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‘Facescape’ brings art, science together on National Mall

‘Facescape’ brings art, science together on National Mall

The National Mall is getting a new look — temporarily.
‘Facescape’ brings art, science together on National Mall
An aerial view from the Washington Monument of Cuban American artist Jorge Rodríguez-Gerada's project 'Out of Many, One.' The six-acre portrait project made from top soil, sand and grave is open for walking starting today. The face of a man can be s...

WASHINGTON -- The National Mall is getting a new look — temporarily.

On a 6-acre tract near the World War II Memorial, alongside the Reflecting Pool, there is a public art project that at ground level appears to be swirls of alternating lines of dirt and sand with a few patches of gravel.

But from above — say, from the top of the Washington Monument — visitors can see that it is actually the face of a young man.

“It’s a unique project for us in the National Park Service,” Robert Vogel, superintendent of the National Mall and Memorial Parks, said at Wednesday’s media unveiling of the project. “This is iconic public space, so I thought, ‘What better place to have public art?’ ”

The project is the brainchild of Kim Sajet, the new director of the National Portrait Gallery, a part of the Smithsonian Institution, which has many museums that line the National Mall. Sajet came up with the idea earlier this year and asked the Park Service for permission.

“When they said yes, we said, ‘Really?’ ” she said. “It was something kind of fun for the country.”

The artwork, which will be open to the public from today until Oct. 31, adds a new element to the Mall, the stretch of green space, museums and memorials from the Lincoln Memorial to the U.S. Capitol known as “the nation’s front lawn.”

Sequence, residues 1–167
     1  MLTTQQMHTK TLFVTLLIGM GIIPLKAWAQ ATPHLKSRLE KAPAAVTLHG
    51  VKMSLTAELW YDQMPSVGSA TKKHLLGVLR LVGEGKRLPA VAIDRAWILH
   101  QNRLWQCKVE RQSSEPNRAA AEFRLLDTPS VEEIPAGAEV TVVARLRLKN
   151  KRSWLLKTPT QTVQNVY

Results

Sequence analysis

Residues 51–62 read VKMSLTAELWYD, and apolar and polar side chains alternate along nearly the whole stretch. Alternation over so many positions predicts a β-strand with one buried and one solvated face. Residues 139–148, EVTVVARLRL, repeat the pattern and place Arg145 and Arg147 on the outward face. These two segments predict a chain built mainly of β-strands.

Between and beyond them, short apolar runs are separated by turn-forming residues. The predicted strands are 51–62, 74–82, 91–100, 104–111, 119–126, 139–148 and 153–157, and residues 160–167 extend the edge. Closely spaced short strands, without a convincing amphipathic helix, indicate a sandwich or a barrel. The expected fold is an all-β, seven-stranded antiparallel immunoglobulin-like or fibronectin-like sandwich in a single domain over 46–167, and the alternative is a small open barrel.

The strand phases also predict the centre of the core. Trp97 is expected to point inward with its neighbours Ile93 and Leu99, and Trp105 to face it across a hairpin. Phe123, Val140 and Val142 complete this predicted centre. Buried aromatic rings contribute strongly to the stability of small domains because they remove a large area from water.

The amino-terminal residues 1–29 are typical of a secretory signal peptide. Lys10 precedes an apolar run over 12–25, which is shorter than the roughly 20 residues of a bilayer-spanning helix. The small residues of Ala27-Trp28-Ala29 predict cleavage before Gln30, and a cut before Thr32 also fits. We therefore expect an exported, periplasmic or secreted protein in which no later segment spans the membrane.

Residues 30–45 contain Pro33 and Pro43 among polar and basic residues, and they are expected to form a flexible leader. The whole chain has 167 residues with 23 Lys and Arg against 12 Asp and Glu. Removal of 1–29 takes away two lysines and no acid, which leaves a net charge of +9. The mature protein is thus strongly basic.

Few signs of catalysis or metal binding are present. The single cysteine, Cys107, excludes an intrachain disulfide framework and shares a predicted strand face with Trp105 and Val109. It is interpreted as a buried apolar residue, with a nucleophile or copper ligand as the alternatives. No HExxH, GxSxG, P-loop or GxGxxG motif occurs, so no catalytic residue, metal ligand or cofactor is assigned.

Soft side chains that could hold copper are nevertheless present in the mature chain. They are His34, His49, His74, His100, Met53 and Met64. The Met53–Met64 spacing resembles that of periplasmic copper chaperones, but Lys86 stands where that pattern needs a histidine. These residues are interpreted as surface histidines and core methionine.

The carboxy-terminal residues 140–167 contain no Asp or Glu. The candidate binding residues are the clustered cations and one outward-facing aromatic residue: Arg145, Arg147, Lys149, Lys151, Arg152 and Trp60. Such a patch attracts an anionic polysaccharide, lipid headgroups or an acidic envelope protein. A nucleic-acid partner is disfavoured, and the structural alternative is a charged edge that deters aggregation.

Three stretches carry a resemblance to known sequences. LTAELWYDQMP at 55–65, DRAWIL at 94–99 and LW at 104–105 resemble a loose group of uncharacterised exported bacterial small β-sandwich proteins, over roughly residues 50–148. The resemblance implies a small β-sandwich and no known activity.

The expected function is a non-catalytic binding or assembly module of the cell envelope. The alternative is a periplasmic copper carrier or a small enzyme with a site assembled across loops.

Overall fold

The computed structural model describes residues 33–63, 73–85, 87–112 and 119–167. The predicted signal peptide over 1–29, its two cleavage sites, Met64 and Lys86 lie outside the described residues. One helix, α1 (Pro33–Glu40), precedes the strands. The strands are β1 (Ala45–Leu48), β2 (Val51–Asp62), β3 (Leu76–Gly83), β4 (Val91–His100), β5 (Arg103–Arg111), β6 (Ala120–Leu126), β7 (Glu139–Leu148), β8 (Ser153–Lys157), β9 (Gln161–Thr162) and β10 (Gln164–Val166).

“This is the perfect environment of science and art coming together,” she said. “This is a beautiful piece of art not just for what it looks like, but what it stands for.”

“E Pluribus Unum,” or “Out of Many, One,” is the name of the landscape artwork, designed to last only a month, by Cuban-American artist Jorge Rodriguez-Gerada. The title, which is the nation’s motto and is found on the Great Seal of the United States, is a tribute to the diverse face of American youth. The artist photographed 30 men of all races, ages 18 to 25, and created a composite face that is seen partially, at an angle, with only one eye peering out, always watching, no matter the perspective.

“It took me a month and a half to get it right,” said Rodriguez-Gerada. “It’s always looking at you.”

He created the face by merging elements of his 30 subjects, then did a hand etching of the portrait. He employed sophisticated digital and satellite technology to create 10,000 digital points that, used with satellite technology, pinpoint the placement of the 10,000 wooden pegs that were the framework for the soil, sand and gravel.

Digital design

Satellites were an essential component to get the picture right. The portrait in digital format used parallel lines that corresponded to satellite navigation receivers on the ground. Rodriguez-Gerada had what amounted to digital paintbrushes, sticks with GPS displays that determined the exact placement of the materials.

The “facescape,” as he calls his work, used 2,500 tons of sand, 800 tons of topsoil and 8 miles of string, all donated by private companies, as was the transportation of the materials and the installation of the artwork.

From start to finish, the work took six months, with the actual installation only taking a few weeks. Key to the work is seeing different things from different angles, with the emergence of a face only visible from a distance.

“The lines become shadows,” said Rodriguez-Gerada. “It’s like a zen garden.”

And, like a garden, he wants the public to walk in his creation.

“You get another sense of it,” he said.

Wind and rain won’t disturb it, he added.

Born in Cuba, which he left at age 4, and raised in New Jersey among different ethnic groups, Rodriguez-Gerada said, “This piece also has a little bit of me in it.”

It doesn’t bother him that the artwork will only exist a short time, to be covered again with grass.

“A lot of my work is ephemeral,” he said. “I want to talk about living in the moment.”

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